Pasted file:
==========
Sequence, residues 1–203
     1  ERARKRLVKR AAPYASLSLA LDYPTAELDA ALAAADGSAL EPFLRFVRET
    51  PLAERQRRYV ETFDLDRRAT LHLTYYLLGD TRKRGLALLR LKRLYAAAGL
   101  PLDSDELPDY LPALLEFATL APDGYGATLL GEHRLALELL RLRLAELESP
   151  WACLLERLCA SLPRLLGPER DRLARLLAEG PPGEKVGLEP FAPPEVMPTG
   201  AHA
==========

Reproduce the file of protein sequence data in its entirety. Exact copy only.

Sequence, residues 1–203
     1  ERARKRLVKR AAPYASLSLA LDYPTAELDA ALAAADGSAL EPFLRFVRET
    51  PLAERQRRYV ETFDLDRRAT LHLTYYLLGD TRKRGLALLR LKRLYAAAGL
   101  PLDSDELPDY LPALLEFATL APDGYGATLL GEHRLALELL RLRLAELESP
   151  WACLLERLCA SLPRLLGPER DRLARLLAEG PPGEKVGLEP FAPPEVMPTG
   201  AHA